2 Tomatoes, roughly chopped
1 Jalapeno, finely diced
2 Cloves Garlic, minced
When working with peppers as pictured, always cut from the inside out–the waxy outer surface can cause the knife to slip.
I’ve put together a few picture reels to assist you in some of the very basic knife skills. Specifically, I’ve included photos on the best way to go about dicing an onion, mincing/pasting garlic, and finely chopping herbs. I find that these are the skills that I use most in preparing meals.
Dicing an Onion – by keeping the root end intact, this method will ensure that you can quickly dice an entire onion without creating a mess. Keep in mind that the more narrow your incisions, the finer the dice.
Step 1: Slice off the top of the onion, about ½ an inch into the surface.
Step 2: Rest the onion vertically, and slice in half through the root end, peel back outer layer.
Step 3: Make vertical incisions down to the root end.
Step 4: Make horizontal incisions down to the root end.
Step 5: Dice the onion accordingly and repeat with the remaining half.
Mincing/Pasting Garlic – this method will allow you to quickly peel and mince garlic. By smashing the entire clove, you also release the flavorful juices. Adding kosher salt and making a paste comes in handy when adding garlic to a salad dressing or marinade.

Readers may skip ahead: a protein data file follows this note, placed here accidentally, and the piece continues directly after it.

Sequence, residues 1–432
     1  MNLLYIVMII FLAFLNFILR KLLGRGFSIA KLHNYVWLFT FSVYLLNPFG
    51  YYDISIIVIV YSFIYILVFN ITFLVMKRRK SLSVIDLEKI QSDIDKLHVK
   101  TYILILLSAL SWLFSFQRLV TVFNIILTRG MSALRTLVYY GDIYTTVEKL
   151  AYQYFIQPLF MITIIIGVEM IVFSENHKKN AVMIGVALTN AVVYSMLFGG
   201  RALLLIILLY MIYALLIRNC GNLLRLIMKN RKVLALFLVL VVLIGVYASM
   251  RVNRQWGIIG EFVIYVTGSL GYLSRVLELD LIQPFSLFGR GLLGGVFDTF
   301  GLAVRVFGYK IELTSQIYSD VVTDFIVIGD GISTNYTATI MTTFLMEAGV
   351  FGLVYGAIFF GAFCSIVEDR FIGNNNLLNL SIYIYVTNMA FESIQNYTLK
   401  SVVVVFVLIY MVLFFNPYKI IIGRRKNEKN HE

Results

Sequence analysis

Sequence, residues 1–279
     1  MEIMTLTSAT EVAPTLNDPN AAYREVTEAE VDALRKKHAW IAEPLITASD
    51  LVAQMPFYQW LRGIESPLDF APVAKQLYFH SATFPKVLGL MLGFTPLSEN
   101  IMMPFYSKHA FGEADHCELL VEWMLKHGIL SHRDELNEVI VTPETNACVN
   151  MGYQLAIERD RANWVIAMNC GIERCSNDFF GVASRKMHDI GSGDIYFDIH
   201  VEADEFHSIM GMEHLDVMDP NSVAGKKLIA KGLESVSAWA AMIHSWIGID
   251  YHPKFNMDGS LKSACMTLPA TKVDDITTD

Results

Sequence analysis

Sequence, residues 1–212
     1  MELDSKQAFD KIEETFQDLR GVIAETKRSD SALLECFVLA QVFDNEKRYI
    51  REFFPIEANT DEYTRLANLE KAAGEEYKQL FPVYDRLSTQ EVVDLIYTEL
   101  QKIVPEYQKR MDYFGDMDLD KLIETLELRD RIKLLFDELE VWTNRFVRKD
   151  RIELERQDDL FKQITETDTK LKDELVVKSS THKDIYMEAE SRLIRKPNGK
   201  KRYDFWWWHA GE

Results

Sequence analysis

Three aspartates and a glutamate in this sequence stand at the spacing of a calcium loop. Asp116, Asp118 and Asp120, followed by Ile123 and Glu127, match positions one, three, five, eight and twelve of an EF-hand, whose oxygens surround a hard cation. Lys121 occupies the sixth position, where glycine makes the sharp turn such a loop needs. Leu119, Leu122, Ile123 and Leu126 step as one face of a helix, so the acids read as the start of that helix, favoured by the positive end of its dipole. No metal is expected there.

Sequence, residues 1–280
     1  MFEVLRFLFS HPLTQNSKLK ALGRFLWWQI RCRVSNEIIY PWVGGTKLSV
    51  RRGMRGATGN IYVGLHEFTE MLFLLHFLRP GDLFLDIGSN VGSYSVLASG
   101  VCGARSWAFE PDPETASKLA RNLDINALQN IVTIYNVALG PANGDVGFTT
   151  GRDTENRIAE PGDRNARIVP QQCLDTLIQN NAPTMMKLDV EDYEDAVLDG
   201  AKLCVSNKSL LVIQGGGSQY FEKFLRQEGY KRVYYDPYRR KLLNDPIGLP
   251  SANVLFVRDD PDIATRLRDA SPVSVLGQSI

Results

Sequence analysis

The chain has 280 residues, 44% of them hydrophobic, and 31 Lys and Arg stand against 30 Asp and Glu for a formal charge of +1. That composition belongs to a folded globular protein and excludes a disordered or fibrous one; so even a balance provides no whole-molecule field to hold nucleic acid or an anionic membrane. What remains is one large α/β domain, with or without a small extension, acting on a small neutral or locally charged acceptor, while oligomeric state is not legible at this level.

Step 2: Peel away skin, and run the knife through the garlic until it is finely and evenly chopped.
Step 3: Add a few pinches of kosher salt to work as an abrasive.
Step 4: Use pressure and the flat side of your knife to work the ingredients back and forth on the board, until the mixture resembles the consistency of a paste.
Chopping Fine Herbs – this process is actually defined as a “chiffonade”. For herbs which bruise easily (basil, sage, etc), this method allows you to cleanly and delicately slice herbs without damaging their texture.
Step 1: Stack 6 -8 leaves on top of one another.
Step 2: Carefully roll up the leaves starting from the root end up to the tip.
Step 3: Use a knife to finely chop the herbs, resulting in long, thin strips.
Of course, these are just the fundamentals. Master everything here, and we’ll move on to butchering wild game in the near future.
Keep those knives sharp!